(noun, etymology Dutch from ‘boedel’: estate, possession, inheritance, stock.). 1. Crowd, pack, lot, as in ‘the whole boodle.’ 2. a. Counterfeit money b. Money acquired or spent illegally or improperly, particularly when used in bribery for political purposes. 3. Slang for money in general.

Money Therapy

Posted on: Oct. 26, 2010  |  By: Ronnie Kahn  |  Category: General

In my blog post of October 5, 2010, I started off by writing “I am not a big believer in money ‘therapy’.”  A reader from the investment world took umbrage with this and commented that he has seen cases where therapy around money has helped, and progress was quick.  I wanted to flesh out my remarks to get to why it is that I feel this way.

First, let me say there are a growing number of financial advisers who consider money therapy valuable.  Some of these individuals are very passionate about this, and some use it as a niche to help differentiate themselves from the crowd.  There are psychologists who specialize in this as well.  I know it can seem threatening to these folks to speak about money therapy negatively, so let me clarify.  I do not think there is any reason to be alarmed by my remark, since it is one of context and emphasis that needs to be discussed.

I am a big believer in financial dialogue, and think it has been helpful to my clients and can be effective.  There are those that might consider therapy as just a discussion and I welcome that discussion.  I also believe that taking a psychological perspective on money can be beneficial.  We find patterns of behavior that help us to see how our decisions are made.

You may have noticed that the word “therapy” was in quotes in the original blog statement.  The reason for this is twofold in that, one, there is a semantic part of why I said what I said, and two, therapy means different things to different people.  Therapy is in the “mind” of the beholder.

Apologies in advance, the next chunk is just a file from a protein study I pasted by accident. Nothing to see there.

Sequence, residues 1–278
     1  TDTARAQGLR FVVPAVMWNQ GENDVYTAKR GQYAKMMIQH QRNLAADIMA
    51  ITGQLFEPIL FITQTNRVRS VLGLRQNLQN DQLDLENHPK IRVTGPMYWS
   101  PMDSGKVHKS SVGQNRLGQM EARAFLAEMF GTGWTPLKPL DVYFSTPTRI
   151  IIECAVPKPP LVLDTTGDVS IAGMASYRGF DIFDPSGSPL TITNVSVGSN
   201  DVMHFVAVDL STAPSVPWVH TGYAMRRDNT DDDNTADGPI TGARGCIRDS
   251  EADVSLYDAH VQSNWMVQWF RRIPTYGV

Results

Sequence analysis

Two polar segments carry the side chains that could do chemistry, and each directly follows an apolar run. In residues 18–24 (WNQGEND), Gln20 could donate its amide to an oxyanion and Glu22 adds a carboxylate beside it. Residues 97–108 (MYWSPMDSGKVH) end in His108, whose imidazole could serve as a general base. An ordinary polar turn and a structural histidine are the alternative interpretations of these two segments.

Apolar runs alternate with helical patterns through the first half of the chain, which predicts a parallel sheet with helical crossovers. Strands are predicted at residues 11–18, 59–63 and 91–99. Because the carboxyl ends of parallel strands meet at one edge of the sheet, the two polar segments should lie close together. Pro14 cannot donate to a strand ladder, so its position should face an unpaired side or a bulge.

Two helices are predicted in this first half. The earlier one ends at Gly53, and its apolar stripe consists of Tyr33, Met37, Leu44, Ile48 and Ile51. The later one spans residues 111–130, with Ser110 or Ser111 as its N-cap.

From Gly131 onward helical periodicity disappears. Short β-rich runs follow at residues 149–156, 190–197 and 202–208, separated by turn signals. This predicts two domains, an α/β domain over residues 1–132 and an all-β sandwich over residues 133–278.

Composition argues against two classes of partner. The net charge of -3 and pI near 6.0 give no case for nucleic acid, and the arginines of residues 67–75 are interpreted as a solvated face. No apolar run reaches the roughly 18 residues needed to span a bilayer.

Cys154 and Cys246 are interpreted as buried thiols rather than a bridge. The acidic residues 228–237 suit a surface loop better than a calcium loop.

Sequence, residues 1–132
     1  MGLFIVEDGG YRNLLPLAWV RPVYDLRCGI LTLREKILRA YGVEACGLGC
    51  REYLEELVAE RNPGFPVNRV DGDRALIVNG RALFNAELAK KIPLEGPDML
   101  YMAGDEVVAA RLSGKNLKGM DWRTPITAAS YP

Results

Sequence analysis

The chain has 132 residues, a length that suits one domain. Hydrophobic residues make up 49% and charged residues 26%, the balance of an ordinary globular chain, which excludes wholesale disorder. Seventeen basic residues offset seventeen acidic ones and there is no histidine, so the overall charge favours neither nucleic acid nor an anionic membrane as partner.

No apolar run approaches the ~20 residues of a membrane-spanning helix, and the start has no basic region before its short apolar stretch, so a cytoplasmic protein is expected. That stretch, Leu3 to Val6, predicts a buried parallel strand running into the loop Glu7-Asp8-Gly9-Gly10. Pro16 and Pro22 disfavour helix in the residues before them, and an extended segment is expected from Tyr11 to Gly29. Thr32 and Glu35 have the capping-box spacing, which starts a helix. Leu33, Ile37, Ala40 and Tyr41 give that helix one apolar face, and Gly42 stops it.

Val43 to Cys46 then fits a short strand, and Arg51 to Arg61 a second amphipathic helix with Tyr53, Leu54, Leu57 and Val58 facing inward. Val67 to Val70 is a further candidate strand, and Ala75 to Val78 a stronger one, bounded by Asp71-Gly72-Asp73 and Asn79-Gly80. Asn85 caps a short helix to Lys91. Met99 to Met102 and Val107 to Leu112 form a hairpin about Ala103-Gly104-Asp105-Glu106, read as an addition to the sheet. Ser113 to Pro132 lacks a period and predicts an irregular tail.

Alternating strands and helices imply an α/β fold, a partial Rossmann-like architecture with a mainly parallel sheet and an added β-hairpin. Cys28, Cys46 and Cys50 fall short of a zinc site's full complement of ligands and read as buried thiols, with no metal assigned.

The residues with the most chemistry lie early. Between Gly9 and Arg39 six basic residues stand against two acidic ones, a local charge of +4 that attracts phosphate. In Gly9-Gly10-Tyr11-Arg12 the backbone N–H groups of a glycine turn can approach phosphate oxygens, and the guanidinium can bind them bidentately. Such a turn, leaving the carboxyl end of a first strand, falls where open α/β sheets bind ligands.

A therapeutic model in the context I was using it worries more about what is wrong with someone, and then helps to try and fix it.  Therapy can be an important tool to those who are constantly angry, depressed, or stressed in our world.  While money can be misused, it is not the money that makes us sick.  Many of us have problems worrying about money and spending unwisely, but overall most of us are money “sane.”  Therapy oftentimes sees money as how to deal with scarcity and not what makes up abundance and how to appreciate it.  We could spend just as much time finding out what is right with money than concentrating on what is wrong with it.

I mentioned that there was a matter of emphasis on speaking to money therapy.  Our culture is heavily weighted toward individualism and the cult of the “I.”  Concepts like “self-esteem” and “self-awareness” may actually create their own problems and not be a solution to healing the self.  Addressing problems in this way is why there is a Pop Psychology that we all look to.

However, there are therapies that do not just use a fix-it approach, which is why I commented that therapy means different things to different people.  There is a branch of therapy that calls itself Positive Psychology which came out of the Humanistic side of Abraham Maslow.  While I greatly respect some of the tenets of this type of approach, much of this has deteriorated into visualization of the in order to have it, you just think it variety.  Besides this mind over matter side, the field has also been hijacked by corporations in some type of motivation-speak jargon.  No matter how you cut it, there is a great part of the puzzle that is missing.  All of us have a way we approach the world which is composed of an individual, social, and institutional makeup.  This is the “I,” “We,” and “It” of our being.  Each of these systems of truth and knowledge are interconnected.  In other words, money is not just individual, it is social too.  It is, in fact, far more social than individual, even though these do blend together.  Excuse the limited gender reference but “no man is an ‘I’ land.”